Thankfully, the Hokie offense won’t be overly pressed to produce since the Virginia Tech defense, which has a host of experience at every level, will keep the majority of its opponents significantly under wraps.

Last year, the Hokies put the clamps on the Yellow Jackets in the fourth quarter of a 37-26 victory in Atlanta.

With Georgia Tech severely inexperienced at the receiving positions, it’s hard to picture the Ramblin’ Wreck keeping pace in this crucial Coastal Division showdown in Blacksburg.

Opening point spread: Virginia Tech by 7 1/2

The pick: Virginia Tech 27-17

5) No. 9 South Carolina at Vanderbilt
Thurs., 7 p.m. ET, ESPN

The Gamecocks surpassed all expectations last year, winning a school-record 11 games. What’s even more amazing is that they played nearly half the season with All-Everything tailback Marcus Lattimore on the sidelines.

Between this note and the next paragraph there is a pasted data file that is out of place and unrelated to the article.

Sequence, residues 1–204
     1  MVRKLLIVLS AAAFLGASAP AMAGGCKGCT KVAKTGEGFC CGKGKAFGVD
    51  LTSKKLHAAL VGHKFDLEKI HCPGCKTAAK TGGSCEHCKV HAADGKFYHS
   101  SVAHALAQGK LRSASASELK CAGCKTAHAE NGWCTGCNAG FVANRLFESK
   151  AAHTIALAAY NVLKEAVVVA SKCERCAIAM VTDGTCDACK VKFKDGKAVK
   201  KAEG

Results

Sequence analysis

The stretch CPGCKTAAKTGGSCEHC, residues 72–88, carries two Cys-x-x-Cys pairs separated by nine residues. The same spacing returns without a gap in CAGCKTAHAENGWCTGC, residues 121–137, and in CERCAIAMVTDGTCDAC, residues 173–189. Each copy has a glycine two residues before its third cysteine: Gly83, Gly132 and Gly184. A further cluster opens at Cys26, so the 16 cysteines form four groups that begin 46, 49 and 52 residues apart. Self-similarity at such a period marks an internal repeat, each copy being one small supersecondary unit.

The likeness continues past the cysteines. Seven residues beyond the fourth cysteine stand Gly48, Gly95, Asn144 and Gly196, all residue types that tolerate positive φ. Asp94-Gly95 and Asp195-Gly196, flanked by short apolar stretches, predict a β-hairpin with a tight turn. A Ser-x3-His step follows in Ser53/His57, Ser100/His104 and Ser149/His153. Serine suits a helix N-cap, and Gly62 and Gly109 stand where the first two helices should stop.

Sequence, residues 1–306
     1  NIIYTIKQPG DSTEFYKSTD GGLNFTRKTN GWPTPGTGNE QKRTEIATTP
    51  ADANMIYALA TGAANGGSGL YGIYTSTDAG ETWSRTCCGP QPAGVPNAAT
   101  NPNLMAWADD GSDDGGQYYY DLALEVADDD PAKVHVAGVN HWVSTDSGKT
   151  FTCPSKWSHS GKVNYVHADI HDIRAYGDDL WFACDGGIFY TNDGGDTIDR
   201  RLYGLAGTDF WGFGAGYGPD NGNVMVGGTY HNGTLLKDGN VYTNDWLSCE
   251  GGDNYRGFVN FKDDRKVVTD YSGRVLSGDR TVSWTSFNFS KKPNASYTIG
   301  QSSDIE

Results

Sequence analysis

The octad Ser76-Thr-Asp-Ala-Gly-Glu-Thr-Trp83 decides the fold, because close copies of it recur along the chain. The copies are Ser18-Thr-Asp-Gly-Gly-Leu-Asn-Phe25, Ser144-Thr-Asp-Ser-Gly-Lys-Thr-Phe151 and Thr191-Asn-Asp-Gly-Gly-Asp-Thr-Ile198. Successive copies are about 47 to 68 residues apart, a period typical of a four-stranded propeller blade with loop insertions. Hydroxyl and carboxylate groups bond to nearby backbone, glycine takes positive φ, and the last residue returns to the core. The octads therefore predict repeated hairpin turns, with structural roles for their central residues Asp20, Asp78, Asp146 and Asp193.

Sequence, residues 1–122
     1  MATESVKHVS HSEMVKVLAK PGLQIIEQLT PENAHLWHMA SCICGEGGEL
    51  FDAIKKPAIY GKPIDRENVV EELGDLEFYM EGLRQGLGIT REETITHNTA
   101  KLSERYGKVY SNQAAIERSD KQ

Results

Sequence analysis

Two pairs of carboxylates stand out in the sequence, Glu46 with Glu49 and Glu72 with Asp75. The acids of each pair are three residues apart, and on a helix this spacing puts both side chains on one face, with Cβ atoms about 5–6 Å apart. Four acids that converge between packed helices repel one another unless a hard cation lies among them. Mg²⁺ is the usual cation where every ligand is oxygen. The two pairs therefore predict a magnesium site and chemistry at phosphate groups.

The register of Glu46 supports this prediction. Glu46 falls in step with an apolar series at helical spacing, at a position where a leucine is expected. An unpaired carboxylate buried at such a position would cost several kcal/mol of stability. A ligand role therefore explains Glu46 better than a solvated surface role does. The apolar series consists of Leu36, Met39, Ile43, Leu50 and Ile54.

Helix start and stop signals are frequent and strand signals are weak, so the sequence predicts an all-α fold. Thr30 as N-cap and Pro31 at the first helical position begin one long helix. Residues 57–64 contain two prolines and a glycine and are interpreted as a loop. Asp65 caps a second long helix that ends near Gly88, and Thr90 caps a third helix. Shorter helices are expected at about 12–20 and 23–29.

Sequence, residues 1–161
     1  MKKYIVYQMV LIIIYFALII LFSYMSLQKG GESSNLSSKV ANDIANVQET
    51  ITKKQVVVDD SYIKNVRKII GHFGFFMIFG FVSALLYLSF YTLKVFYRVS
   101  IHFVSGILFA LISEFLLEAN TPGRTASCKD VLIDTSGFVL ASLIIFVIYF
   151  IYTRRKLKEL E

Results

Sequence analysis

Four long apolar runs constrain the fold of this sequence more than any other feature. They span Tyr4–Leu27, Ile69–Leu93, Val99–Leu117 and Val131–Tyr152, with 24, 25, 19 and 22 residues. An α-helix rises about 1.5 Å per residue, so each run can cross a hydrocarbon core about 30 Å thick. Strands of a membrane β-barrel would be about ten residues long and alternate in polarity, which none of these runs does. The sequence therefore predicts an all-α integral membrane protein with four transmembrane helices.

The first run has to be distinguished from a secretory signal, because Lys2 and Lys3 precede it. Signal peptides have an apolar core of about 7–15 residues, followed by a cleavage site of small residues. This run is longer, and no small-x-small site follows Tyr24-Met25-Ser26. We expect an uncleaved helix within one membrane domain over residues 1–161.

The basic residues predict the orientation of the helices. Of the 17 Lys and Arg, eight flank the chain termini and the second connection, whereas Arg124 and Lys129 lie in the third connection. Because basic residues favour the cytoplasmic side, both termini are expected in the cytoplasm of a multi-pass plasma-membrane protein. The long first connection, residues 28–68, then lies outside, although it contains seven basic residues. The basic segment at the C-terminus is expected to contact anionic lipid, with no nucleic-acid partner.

With his recovery from knee surgery complete and Connor Shaw solidified at quarterback (if back spasms don’t get in the way), South Carolina is dreaming big.

Vanderbilt, however, doesn’t give a hoot about all this and there is some danger looming in Nashville as second-year head coach James Franklin has the Commodores feeling good about notching back-to-back bowl seasons.

Of course, good times in the opener will last only as long as quarterback Jordan Rodgers (Aaron’s little brother) remains upright while facing South Carolina’s skyscraper defensive ends Jadeveon Clowney (6-6) and Devin Taylor (6-8).

Remember how poorly the Gamecocks played in last season’s lid-lifter against East Carolina?

This will be tight.

Opening point spread: South Carolina by 8

The pick: South Carolina 24-23

RIVALRY GAME OF THE WEEK

Notre Dame vs. Navy at Dublin, Ireland
Sat., 9 a.m. ET, CBS

How could we pass up the longest continuous intersectional rivalry in college football? And this time it’s a season opener in Ireland!